NSPRA Presentation: “7 Things” to guide school districts toward ballot success
Dr. Marsha Chappelow, superintendent of the Ladue (Mo.) School District, and Ken DeSieghardt of Patron Insight, presented “The 7 Things Your Patrons Want You To Know Before Your Next Bond or Levy Election” at the National School Public Relations Association Conference in Charlotte, NC last week. If you didn’t have the chance to attend, here’s a synopsis that you can put to use on your next ballot initiative:
School districts find ballot issues challenging, because they only hear reactions to the proposal from those who make it a point to let their voices be heard – positive or negative – on any school-related issue.
The result? School districts are left trying to come up with a campaign that will sway that silent “super majority” without really knowing whether it is making an impression. Here’s what patrons have told us (through research) they wish their school districts know about them before they put forth ballot issues:
1.Even though you never hear from me, I have an opinion. To find out what the silent majority is thinking, conduct regular research. Report the results and what you plan to do with the findings, then report when you have done so. They’ll notice.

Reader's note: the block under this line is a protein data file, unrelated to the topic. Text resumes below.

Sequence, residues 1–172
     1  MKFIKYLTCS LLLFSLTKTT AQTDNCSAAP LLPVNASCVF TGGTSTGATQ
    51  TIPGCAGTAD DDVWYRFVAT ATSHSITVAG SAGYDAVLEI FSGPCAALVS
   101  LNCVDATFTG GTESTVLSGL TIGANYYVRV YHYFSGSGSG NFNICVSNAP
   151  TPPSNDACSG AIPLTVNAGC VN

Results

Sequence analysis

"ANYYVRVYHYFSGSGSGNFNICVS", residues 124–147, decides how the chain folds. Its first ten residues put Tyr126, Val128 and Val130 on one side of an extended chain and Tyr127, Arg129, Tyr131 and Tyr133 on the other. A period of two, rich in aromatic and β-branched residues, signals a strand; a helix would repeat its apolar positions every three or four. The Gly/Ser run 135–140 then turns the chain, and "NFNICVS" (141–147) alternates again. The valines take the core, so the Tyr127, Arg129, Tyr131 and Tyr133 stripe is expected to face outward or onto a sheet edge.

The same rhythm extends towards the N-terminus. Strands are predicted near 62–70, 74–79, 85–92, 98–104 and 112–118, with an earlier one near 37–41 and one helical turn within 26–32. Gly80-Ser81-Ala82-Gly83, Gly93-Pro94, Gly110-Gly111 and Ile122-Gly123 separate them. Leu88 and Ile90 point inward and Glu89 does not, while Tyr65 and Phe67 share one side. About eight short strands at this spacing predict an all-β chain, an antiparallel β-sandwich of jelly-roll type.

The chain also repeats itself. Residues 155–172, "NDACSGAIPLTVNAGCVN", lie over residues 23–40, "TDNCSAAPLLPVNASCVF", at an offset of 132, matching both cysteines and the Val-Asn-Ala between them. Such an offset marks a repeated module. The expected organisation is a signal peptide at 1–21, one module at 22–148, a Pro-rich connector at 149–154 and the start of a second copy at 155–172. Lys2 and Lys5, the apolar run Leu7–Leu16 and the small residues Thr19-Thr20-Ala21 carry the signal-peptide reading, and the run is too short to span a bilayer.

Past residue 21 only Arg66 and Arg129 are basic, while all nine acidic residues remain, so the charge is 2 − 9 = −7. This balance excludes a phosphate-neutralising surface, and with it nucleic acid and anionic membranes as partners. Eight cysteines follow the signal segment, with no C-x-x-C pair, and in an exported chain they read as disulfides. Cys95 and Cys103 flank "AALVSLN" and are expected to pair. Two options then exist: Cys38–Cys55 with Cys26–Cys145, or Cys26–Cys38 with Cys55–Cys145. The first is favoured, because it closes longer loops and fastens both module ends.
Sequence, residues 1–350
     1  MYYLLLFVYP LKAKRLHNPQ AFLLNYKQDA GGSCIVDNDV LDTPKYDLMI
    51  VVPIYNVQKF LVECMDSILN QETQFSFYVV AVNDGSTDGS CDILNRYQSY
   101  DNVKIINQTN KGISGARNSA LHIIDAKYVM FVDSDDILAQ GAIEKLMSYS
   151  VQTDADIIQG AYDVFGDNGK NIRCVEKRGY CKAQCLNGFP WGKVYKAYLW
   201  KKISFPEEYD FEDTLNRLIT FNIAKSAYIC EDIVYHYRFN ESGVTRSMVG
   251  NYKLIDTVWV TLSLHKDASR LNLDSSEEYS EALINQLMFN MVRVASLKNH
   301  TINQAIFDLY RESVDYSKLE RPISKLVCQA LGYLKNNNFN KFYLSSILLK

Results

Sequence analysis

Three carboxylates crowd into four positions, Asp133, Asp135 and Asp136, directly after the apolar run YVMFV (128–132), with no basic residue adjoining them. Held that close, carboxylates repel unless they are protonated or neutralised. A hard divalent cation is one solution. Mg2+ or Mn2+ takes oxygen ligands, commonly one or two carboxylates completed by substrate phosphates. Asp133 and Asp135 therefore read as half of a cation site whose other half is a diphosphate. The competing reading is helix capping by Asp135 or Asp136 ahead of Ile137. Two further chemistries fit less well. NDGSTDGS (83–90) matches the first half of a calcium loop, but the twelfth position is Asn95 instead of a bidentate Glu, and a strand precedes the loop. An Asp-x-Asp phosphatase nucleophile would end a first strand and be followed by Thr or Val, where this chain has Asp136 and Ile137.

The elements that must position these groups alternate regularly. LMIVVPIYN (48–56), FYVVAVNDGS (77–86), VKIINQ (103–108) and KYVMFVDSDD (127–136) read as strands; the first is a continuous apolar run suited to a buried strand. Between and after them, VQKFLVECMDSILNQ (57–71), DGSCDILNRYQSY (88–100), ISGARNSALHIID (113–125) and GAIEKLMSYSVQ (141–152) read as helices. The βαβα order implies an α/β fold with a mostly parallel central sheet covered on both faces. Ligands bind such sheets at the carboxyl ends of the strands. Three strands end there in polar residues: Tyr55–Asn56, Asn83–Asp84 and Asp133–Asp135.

2.Without trust, visionary plans will go nowhere. Test patron opinion on trust issues (use of tax money, keeping patrons informed, involving patrons in decision-making) and focus your efforts on areas where patrons feel the district falls short.
3.If I want details, I’ll ask for them. Put all the specifics on your Web site, but focus your primary ballot presentation on the key components, the cost to the average homeowner, and what passage would mean to the students and the district.
4.“Increasing property value” may not be the benefit you think it is. In older communities, patrons see this phrase as code for “tax increase.” In such communities, focus on how the proposal will “reinvest in the schools.”
5.My primary source of news isn’t your district newsletter (or other official sources). Patrons get their news from friends, the newspaper and from teachers. Keep teachers informed, and ask them to tell you what they are hearing so that you can respond.
6.Tell me (frequently) that you’ve heard me. Use research to promote your interest in patron opinion. Repeat the phrase “We asked our patrons what they thought, and they told us…” liberally.
7.What part of “no” don’t you understand? Step back after a ballot defeat, and say “We need to better understand what our patrons want us to do next.” If you must repeat the proposal, find out (through research) what benefits patrons missed the first time around.
A copy of the PowerPoint from the presentation is available. Send your request to [email protected]